OASIS Mailing List ArchivesView the OASIS mailing list archive below
or browse/search using MarkMail.


Help: OASIS Mailing Lists Help | MarkMail Help



   Re: [xml-dev] heritage (was Re: [xml-dev] SGML on the Web)

[ Lists Home | Date Index | Thread Index ]

Where you at Extreme in Montreal?!?! I wish I had met you. In fact, I
probably did! Let's hope we can meet again "same time next year."
> > However, instances of syntax are just "brute facts" -- things in the
> > world. I'm skeptical of the notion that there has to be *a* model.
> Agreed. There's a many-to-many mapping between syntax and data models.
> If you define a syntax, it implies you can have many data models for
> information represented in that syntax. If you define the data model,
> it implies you can represent that data model using many syntaxes.
> If you define both, then you've got something that can be exchanged
> between different applications in a standard way, and that will be
> processed in the same way by each application.

Well, I think Walter Perry would take a percentage of issue with that.
Let's think of content as oh, say, pig iron. It's great that there are
standards for pig iron, because then you get what you pay for
("exchanged"), the furnaces don't blow up ("processed"). That's what XML
does. But "*will*" be processed is too strong.in the pig
iron business will have a distinctive competence -- that's why they *are*
in business (Walter calls that "local knowledge," I think). That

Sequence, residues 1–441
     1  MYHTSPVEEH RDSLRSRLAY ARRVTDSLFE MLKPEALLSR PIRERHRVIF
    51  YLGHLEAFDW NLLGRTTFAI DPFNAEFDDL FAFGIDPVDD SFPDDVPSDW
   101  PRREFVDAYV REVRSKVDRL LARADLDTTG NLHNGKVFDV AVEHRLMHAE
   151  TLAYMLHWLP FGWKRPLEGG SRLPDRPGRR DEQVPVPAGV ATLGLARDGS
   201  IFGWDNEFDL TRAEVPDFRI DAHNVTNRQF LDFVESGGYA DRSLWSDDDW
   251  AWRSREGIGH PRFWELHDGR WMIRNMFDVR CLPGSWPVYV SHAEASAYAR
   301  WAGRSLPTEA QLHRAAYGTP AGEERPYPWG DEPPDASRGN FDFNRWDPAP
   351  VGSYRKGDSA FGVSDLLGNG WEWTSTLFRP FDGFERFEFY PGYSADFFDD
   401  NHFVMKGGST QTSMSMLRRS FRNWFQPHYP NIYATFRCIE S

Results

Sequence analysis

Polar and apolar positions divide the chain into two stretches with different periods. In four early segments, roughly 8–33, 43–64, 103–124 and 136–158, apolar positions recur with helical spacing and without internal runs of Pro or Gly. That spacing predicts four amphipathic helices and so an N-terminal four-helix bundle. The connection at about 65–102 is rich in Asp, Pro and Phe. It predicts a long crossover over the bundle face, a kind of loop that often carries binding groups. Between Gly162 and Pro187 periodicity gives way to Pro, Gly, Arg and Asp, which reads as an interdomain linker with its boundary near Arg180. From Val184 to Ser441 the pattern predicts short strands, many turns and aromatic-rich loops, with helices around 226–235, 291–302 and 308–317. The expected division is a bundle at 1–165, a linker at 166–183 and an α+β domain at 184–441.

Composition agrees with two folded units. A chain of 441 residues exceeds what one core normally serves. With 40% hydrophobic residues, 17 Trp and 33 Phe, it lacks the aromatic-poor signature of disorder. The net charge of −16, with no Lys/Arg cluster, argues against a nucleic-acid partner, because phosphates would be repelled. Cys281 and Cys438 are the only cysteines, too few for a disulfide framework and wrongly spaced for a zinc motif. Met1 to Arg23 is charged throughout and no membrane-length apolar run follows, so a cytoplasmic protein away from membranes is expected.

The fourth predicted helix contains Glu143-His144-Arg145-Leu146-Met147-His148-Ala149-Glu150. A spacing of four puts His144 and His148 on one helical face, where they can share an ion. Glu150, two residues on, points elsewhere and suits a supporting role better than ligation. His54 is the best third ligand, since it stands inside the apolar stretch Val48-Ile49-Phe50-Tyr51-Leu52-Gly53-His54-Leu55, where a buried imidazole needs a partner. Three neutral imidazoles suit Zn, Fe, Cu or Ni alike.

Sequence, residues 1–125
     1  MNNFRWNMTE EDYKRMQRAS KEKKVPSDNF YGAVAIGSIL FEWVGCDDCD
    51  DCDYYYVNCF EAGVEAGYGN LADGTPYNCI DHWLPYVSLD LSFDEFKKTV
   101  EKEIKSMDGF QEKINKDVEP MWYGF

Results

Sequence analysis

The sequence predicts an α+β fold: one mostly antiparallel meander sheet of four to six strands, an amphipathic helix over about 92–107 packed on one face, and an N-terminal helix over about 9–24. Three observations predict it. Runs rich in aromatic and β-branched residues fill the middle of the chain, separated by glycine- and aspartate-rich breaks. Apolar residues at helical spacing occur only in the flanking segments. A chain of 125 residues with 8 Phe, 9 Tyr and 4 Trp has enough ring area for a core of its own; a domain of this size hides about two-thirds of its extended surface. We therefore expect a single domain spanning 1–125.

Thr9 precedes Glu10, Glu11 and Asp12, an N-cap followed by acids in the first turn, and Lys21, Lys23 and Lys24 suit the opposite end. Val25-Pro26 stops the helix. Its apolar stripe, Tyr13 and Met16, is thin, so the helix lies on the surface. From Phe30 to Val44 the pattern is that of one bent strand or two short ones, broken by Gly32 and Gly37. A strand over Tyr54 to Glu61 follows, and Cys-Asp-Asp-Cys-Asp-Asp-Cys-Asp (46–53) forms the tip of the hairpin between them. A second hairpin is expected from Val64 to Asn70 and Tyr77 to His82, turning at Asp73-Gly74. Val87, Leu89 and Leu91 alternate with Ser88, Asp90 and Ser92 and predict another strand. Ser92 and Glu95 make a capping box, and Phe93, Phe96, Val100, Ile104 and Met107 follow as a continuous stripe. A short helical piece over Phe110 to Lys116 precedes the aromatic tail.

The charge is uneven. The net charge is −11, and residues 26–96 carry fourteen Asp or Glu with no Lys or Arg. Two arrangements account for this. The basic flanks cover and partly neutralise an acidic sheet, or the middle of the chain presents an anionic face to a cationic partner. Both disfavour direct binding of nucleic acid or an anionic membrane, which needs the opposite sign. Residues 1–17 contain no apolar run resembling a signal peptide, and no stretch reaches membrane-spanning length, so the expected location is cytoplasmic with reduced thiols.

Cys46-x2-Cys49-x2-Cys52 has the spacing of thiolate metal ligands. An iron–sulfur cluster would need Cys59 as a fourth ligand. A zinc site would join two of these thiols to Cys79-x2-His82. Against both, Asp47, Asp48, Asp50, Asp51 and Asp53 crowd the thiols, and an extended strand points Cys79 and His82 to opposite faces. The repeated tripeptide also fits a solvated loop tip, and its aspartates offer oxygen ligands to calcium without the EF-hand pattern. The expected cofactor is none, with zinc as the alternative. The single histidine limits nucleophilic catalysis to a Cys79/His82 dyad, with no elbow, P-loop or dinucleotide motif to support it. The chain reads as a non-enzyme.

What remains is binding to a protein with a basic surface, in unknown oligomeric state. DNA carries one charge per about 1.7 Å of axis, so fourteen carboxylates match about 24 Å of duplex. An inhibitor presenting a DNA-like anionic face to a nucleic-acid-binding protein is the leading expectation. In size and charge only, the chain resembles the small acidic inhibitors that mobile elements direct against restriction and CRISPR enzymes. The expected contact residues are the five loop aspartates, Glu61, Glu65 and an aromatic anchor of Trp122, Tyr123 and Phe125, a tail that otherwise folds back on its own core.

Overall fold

distinctive competence may well express itself in different ways of
processing pig iron. So for content. In fact, just as there's a place for
verticaly integrated behemoths like US Steel, and for "scrap" producers
like (The extremely profitable) Nucor, there are probably business models
that can be built on refining "bad content" The point is that the
chemistry of pig iron (syntax) is well understood. As for the model --
well, that's kind of advisory as long as the furnace runs, isn't it?

> Interestingly, in his closing keynote at the Extreme conference this
> year [1], Michael Sperberg-McQueen actually spoke about a *trinity* of
> things that were important for a meta-markup language:
>   - syntax
>   - data structure
>   - validation
> which Wendell, Gavin and I took as a challenge ;)

I was distressed by the valedictory tone. I like to think that the
discussion we are having now proves it wrong. Michael was like Alexander,
sighing for new worlds to conquer...

> Anyway, I'm very glad to see that the talk's made it up onto the
> web...
> Cheers,
> Jeni
> [1] http://www.idealliance.org/papers/extreme02/html/2002/CMSMcQ02/EML2002CMSMcQ02.html
> ---
> Jeni Tennison
> http://www.jenitennison.com/

Sam Hunting
eTopicality, Inc.

"Turn your searching experience into a finding experience."(tm)

Topic map consulting and training: www.etopicality.com
Free open source topic map tools:  www.gooseworks.org

XML Topic Maps: Creating and Using Topic Maps for the Web.
Addison-Wesley, ISBN 0-201-74960-2.


News | XML in Industry | Calendar | XML Registry
Marketplace | Resources | MyXML.org | Sponsors | Privacy Statement

Copyright 2001 XML.org. This site is hosted by OASIS